Disquiet Junto Project 0162: Junto in a Box
The Assignment: Use Paul Lamere’s “Girl Talk in a Box” to gain a new perspective on your own music.

These are the steps:

Step 1: Choose a piece of music of your own that you would like to get a new perspective on.

Step 2: Go to the following URL to access the web app Girl Talk in a Box, which Paul Lamere designed. As he explains, “While a song is playing, you can take control, speeding it up, slowing it down, skipping beats and so on.”

Step 3: Upload your song to Girl Talk in a Box and play with it. After gaining some measure of facility with the web app, record your own edit of your song.

Step 4: Upload the finished track to the Disquiet Junto group on SoundCloud.

Step 5: Be sure to include a link to the original track, so listeners can compare and contrast.

Step 6: Then listen to and comment on tracks uploaded by your fellow Disquiet Junto participants.

Deadline: This assignment was made in the evening, California time, on Thursday, February 5, 2015, with a deadline of 11:59pm wherever you are on Monday, February 9, 2015.

Length: The length of your finished work should be between two and four minutes.

Upload: Please when posting your track on SoundCloud, only upload one track for this assignment, and include a description of your process in planning, composing, and recording it. This description is an essential element of the communicative process inherent in the Disquiet Junto. Photos, video, and lists of equipment are always appreciated.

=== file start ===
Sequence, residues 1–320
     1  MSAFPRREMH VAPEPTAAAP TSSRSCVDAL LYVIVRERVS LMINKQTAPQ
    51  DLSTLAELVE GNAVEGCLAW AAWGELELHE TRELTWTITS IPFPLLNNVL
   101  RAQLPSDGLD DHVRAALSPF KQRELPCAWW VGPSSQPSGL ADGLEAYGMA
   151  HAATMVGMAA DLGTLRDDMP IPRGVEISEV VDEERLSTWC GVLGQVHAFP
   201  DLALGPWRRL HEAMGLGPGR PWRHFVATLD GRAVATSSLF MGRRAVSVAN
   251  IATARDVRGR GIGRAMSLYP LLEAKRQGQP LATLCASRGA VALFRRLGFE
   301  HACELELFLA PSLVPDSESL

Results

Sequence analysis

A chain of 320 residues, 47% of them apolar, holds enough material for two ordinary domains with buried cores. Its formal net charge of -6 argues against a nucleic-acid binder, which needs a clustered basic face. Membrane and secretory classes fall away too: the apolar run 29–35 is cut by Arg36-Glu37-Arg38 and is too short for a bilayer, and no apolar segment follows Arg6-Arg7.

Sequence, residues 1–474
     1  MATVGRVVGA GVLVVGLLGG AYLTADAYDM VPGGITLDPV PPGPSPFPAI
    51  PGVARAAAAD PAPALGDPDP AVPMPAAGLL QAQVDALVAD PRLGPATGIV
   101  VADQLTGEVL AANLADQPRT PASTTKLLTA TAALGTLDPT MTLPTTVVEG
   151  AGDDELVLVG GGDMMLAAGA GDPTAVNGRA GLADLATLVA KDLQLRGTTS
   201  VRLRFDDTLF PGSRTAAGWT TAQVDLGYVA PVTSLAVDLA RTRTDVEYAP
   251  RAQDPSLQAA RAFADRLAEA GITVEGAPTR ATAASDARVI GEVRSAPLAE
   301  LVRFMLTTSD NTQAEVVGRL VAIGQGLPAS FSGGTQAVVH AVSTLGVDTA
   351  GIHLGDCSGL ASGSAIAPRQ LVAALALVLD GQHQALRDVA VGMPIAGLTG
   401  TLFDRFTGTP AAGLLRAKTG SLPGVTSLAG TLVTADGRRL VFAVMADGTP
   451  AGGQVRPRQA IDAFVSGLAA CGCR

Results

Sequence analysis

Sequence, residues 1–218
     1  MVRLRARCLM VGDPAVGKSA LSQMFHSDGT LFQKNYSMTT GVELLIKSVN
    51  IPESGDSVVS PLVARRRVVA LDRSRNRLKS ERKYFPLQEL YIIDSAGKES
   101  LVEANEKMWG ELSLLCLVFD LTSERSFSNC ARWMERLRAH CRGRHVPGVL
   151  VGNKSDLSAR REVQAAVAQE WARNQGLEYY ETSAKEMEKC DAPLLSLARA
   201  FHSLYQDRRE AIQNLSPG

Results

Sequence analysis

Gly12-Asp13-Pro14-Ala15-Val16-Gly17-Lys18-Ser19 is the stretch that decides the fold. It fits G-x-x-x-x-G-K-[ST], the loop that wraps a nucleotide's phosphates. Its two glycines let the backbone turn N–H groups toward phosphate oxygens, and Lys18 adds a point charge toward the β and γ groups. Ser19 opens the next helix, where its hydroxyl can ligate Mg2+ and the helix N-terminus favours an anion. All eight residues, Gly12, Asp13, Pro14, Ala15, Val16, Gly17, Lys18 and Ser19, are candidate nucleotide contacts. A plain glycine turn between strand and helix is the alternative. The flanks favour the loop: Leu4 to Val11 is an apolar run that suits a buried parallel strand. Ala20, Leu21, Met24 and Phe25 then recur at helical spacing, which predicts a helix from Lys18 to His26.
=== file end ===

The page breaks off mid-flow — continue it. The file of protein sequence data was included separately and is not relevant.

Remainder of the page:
Title/Tag: When adding your track to the Disquiet Junto group on, please include the term “disquiet0162-juntoinabox” in the title of your track, and as a tag for your track.

Download: It is preferable that your track is set as downloadable, and that it allows for attributed remixing (i.e., a Creative Commons license permitting non-commercial sharing with attribution).

Linking: When posting the track, please be sure to include this information:

More on this 162nd Disquiet Junto project — “Use Paul Lamere’s ‘Girl Talk in a Box’ to gain a new perspective on your own music” — at:

More on the Disquiet Junto at:

Join the Disquiet Junto at:

Disquiet Junto general discussion takes place at:

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This Week in Sound: Aphex ^N, Household Ghosts,

A lightly annotated clipping service



  • APHEX ^N: We’re 10 days from the first anniversary of the publication of my book in the 33 1/3 series on Aphex Twin’s landmark 1994 album, Selected Ambient Works Volume II. I’m excited that it was one of the five best-selling volumes in the series last year, and I’m also overwhelmed at what a difference a year makes. Aphex Twin was mostly a memory when I researched and wrote the book, and for many months following the book’s release. He hadn’t released a full-length album in well over a decade. Just about everyone I spoke with about him spoke of him in the past tense. And then last fall he — Richard D. James — came, quite suddenly, out of hiding. He announced his reappearance with a blimp over London; released a widely acclaimed album, Syro; and filled a SoundCloud account with dozens of previously unreleased music. Then that account ( when dark, though two new tracks have recently appeared. The first of those two new tracks announced the arrival of a new post-Syro EP, the excellent downtempo set Computer Controlled Acoustic Instruments Pt2. And then came, where he has been posting dozens upon dozens of previously unreleased tracks. There were 110 tracks attributed to user48736353001 as of a few days ago, and then another 20 popped up today. And as if that weren’t enough, a mysterious new account associated with it,, has 15 tracks — so far. (I’ve been informed via a conversation on that folks deep in the Aphex well are under the impression Somadril is a friend of Aphex, not him.)